TTU accepts $17.39 million bid for construction of new nursing building

Tennessee Tech University nursing students are another step closer to having a new building to house their program of study, as well as all students having a new Student Health Services office.

The university recently accepted a $17.39 million bid from Hardaway Construction Corp. of Tennessee for the construction of the new facility, and the State Building Commission yesterday gave its go-ahead to begin the project.

“Our next step is to meet with the contractors in a couple of weeks to give them the notice to proceed,” said Glenn Binkley, assistant director of Facilities and Business Services at TTU. “That’s what officially starts the clock on our construction schedule.”

After receiving the notice to proceed, the general contractor, based in Nashville, has approximately 450 days — which includes 115 built-in inclement weather days — to complete the building project, Binkley said.

At that rate, the new building — the first ever built specifically for TTU’s 26-year-old nursing program — will be completed approximately by Thanksgiving 2007, and the first classes could be held in it as early as the spring 2008 semester.

“The next couple of years are going to be an exciting time for TTU, the Cookeville area and the Upper Cumberland region,” said TTU President Bob Bell. “This building project, which will be a major construction project for the Cookeville area, really gives us an opportunity to better serve our state, particularly the Upper Cumberland region.”

Binkley says the university is “right on target” with its anticipated construction schedule. “But it’s a tight target,” he added, “depending on how many weather delays we might encounter to slow us down.

“Nevertheless, we’re going to be seeing signs of construction on campus toward the end of the month,” he continued.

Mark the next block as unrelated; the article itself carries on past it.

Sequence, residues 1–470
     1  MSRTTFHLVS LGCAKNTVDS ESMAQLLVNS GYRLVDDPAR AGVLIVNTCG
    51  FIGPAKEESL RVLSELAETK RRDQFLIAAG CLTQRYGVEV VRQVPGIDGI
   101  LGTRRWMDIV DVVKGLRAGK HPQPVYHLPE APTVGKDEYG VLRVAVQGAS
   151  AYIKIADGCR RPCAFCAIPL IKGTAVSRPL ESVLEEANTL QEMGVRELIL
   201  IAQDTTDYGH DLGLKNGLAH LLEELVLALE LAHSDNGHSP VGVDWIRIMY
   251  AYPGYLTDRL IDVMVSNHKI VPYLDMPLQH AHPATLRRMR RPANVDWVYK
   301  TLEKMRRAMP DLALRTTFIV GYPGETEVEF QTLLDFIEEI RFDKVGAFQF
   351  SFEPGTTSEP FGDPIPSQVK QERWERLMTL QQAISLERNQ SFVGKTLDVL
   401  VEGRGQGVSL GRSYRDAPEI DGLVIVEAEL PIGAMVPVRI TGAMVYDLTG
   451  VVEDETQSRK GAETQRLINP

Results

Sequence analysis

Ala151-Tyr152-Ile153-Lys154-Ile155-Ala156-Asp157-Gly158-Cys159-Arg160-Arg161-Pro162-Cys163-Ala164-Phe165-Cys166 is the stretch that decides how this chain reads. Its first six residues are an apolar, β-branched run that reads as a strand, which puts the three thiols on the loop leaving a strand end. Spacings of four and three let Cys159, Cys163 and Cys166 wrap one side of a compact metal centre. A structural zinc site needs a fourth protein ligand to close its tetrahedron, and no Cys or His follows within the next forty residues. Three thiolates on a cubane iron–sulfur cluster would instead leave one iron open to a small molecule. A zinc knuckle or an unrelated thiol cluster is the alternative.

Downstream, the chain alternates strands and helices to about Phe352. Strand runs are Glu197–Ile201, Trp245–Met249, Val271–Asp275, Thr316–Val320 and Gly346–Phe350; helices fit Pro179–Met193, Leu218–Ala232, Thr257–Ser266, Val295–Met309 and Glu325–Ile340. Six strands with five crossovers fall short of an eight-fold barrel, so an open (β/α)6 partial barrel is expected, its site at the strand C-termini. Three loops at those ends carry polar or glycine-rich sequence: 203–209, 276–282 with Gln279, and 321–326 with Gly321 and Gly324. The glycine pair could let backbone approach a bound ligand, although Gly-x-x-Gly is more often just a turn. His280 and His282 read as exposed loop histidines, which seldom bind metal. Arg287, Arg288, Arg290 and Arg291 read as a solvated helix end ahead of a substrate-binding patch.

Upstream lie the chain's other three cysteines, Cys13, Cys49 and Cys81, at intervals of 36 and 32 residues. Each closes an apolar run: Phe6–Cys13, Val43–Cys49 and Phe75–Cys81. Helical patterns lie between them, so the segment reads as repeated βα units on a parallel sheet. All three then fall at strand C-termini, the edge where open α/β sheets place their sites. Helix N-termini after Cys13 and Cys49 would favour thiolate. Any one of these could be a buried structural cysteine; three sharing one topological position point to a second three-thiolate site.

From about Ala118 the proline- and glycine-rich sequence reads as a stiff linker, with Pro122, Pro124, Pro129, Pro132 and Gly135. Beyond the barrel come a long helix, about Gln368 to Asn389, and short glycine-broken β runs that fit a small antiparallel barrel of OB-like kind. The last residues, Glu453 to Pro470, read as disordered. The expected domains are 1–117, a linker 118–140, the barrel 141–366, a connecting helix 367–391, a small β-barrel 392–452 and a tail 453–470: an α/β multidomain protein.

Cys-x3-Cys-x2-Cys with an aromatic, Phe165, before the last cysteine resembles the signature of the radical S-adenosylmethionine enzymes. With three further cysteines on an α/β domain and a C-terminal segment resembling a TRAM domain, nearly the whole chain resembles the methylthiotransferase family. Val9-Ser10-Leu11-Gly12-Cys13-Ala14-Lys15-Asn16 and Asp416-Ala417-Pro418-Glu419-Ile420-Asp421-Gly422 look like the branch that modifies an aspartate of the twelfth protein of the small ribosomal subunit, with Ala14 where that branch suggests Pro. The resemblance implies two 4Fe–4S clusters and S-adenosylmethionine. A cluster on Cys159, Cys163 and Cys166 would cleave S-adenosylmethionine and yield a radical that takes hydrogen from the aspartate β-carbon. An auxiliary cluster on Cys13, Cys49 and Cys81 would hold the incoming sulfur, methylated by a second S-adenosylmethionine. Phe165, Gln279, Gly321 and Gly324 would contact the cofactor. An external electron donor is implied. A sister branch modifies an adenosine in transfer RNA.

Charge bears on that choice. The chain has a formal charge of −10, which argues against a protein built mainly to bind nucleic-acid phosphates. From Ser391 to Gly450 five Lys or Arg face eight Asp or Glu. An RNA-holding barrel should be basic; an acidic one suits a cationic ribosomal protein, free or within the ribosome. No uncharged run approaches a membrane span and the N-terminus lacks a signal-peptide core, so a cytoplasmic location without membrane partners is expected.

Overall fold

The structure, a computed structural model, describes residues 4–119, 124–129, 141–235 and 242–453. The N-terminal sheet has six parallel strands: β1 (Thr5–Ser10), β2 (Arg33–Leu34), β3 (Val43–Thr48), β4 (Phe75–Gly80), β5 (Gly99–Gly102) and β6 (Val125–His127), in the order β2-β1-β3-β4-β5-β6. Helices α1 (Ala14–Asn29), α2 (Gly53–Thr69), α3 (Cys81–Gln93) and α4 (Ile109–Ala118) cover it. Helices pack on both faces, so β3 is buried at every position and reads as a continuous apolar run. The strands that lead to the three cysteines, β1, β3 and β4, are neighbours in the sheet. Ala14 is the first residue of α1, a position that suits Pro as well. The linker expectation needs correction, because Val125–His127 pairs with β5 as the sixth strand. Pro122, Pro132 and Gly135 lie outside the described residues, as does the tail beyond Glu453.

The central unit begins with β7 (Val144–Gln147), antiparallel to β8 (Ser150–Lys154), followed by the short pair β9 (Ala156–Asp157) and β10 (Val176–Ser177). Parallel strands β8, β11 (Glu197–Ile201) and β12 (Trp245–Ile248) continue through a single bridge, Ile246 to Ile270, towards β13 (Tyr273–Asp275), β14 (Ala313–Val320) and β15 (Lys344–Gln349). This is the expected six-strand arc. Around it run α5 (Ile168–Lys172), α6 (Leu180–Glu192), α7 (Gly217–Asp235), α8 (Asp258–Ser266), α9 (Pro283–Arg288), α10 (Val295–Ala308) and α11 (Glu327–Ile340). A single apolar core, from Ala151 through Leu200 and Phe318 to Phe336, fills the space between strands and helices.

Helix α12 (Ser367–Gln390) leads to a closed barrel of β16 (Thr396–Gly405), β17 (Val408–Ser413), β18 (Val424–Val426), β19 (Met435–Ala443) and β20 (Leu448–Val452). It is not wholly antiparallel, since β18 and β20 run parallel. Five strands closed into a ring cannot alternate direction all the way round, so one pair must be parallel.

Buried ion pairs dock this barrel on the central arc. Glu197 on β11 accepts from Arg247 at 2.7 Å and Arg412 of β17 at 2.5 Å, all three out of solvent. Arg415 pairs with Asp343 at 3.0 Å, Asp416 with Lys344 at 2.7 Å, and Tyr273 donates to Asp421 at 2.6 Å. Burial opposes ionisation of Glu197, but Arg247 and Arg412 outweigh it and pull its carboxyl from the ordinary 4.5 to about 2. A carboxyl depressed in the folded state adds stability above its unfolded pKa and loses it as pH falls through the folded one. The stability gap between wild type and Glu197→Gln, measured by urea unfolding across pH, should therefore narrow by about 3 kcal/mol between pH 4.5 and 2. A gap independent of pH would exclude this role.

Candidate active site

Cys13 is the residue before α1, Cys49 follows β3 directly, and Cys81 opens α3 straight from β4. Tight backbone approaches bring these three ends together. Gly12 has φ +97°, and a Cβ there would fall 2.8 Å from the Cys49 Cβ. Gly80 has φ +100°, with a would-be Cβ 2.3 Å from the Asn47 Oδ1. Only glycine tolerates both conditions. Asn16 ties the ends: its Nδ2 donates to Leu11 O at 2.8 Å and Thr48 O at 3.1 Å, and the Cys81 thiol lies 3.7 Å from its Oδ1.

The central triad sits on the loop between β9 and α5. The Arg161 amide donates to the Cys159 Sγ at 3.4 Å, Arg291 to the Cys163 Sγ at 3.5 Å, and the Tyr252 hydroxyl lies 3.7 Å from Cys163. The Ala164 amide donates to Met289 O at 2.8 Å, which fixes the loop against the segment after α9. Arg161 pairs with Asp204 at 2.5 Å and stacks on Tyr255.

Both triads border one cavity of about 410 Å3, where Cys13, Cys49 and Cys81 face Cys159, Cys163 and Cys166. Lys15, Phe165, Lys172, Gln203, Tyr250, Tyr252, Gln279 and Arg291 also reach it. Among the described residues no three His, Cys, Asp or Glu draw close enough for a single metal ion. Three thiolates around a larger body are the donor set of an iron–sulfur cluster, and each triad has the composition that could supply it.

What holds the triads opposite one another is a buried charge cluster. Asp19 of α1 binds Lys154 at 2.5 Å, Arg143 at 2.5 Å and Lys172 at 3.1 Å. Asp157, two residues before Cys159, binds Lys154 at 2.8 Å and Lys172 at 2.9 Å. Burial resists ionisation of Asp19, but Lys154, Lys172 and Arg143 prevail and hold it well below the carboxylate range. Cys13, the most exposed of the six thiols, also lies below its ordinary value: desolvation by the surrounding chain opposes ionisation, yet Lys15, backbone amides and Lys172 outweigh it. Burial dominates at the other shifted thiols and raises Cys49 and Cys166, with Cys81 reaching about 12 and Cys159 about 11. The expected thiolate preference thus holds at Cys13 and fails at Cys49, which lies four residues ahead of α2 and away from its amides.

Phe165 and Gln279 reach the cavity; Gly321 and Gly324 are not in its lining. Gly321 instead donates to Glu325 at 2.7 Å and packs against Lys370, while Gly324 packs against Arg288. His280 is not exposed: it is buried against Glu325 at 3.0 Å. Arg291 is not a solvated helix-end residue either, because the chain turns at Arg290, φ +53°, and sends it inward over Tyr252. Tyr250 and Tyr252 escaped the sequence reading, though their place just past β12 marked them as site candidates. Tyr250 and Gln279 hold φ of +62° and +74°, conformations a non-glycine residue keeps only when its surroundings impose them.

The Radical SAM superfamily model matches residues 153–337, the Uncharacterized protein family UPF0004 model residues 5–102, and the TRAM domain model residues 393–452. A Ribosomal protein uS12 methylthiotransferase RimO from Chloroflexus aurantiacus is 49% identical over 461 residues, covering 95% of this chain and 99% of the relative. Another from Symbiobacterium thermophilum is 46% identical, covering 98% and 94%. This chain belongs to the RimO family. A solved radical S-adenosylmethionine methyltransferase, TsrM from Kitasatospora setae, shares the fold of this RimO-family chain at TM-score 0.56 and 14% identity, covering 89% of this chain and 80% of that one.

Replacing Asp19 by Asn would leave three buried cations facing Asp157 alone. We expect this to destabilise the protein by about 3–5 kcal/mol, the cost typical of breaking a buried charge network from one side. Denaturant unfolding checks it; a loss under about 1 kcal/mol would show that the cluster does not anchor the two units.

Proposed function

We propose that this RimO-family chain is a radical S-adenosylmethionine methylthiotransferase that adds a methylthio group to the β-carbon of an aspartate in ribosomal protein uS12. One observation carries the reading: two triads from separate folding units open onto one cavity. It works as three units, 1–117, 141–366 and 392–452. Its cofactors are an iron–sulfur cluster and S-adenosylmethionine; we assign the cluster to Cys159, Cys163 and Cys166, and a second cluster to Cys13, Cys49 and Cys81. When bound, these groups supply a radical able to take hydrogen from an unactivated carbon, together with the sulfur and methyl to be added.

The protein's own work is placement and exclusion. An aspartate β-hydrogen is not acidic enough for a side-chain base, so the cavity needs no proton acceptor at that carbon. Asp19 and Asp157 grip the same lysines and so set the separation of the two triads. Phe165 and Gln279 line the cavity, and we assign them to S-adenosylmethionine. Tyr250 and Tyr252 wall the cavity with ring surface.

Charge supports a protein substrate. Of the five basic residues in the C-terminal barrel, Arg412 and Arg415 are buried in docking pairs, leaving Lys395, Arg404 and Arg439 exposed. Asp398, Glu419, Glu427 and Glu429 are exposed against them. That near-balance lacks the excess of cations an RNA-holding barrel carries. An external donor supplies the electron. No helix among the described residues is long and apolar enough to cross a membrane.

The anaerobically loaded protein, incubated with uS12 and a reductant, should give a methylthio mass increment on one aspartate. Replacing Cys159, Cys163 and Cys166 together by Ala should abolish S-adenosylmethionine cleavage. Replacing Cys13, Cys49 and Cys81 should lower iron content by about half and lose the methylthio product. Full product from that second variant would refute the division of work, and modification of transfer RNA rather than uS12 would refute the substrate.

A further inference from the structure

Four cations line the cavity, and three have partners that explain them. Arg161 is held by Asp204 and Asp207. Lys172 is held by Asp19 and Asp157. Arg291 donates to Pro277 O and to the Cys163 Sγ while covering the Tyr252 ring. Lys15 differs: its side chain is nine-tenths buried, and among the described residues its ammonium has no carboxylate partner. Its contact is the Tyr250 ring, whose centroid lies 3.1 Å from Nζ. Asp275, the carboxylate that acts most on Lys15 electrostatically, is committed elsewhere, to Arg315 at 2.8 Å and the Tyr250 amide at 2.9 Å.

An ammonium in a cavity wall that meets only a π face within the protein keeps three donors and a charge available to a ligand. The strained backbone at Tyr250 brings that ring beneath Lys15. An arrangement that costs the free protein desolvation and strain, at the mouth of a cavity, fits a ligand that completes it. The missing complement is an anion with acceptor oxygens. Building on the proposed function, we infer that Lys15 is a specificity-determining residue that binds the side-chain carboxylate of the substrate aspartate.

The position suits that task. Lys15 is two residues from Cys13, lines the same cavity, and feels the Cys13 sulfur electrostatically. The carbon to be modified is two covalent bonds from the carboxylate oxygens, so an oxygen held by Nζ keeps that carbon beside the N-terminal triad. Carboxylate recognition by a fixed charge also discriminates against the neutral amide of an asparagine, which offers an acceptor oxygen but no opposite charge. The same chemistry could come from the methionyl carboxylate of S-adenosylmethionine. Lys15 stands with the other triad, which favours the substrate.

Several local businesses will also be providing services to the TTU construction, Binkley said. CHC Mechanical will provide plumbing and HVAC services, and Lakeland Electric will provide electricians for the project.

The site of the construction will be at the far end of the campus’s Main Quad, on the corner of 7th Street and North Mahler, where the old Smith Quad residence hall complex formerly stood.

That location will serve as an anchor, linking the new nursing building with a major entrance to the area Cookeville planning officials have designated as the city’s medical district.

In addition to allowing TTU to nearly triple its number of nursing students, the new building will provide the necessary technology — such as computerized patient simulators — to educate 21st century nurses.

Other features of the building will include state-of-the-art classrooms, clinical labs and faculty facilities, a 282-seat auditorium, other conference and meeting rooms and an updated Student Health Services facility.

Architects who designed the building estimated its total construction cost to be about $14.7 million, but just six weeks following that estimate, the bid submitted by Hardaway Construction Corp. of Tennessee — the second lowest of five bids — exceeded that estimate by $2.7 million.

The lowest bidder was Medical Construction Group of Nashville, but the company rescinded its bid on Wednesday, Aug. 9, because of errors.

“We knew going in that we might encounter this type of situation,” Binkley said. “It’s a tough time to be bidding construction projects because of the geo-political tensions worldwide that are running up the cost of gas and oil prices. It’s a domino effect that reaches the construction business too.”

The construction project for a new nursing building at TTU has been not only a priority but a necessity for some time because the program has been in transition from one temporary facility to another since 1998.

“President Bell and other university administrators have done an excellent job of being able to keep this project on track,” Binkley said. “To keep the project ongoing, funds were shifted from equipment to construction costs with the anticipation that the equipment funding would be restored prior to its need for expenditure.”

Tom Hamilton, associate vice president for University Development, said, “We were able to guarantee the availability of funding to move ahead with this project thanks to the generosity of a major donor and by moving some funds from the TTU Foundation account.”

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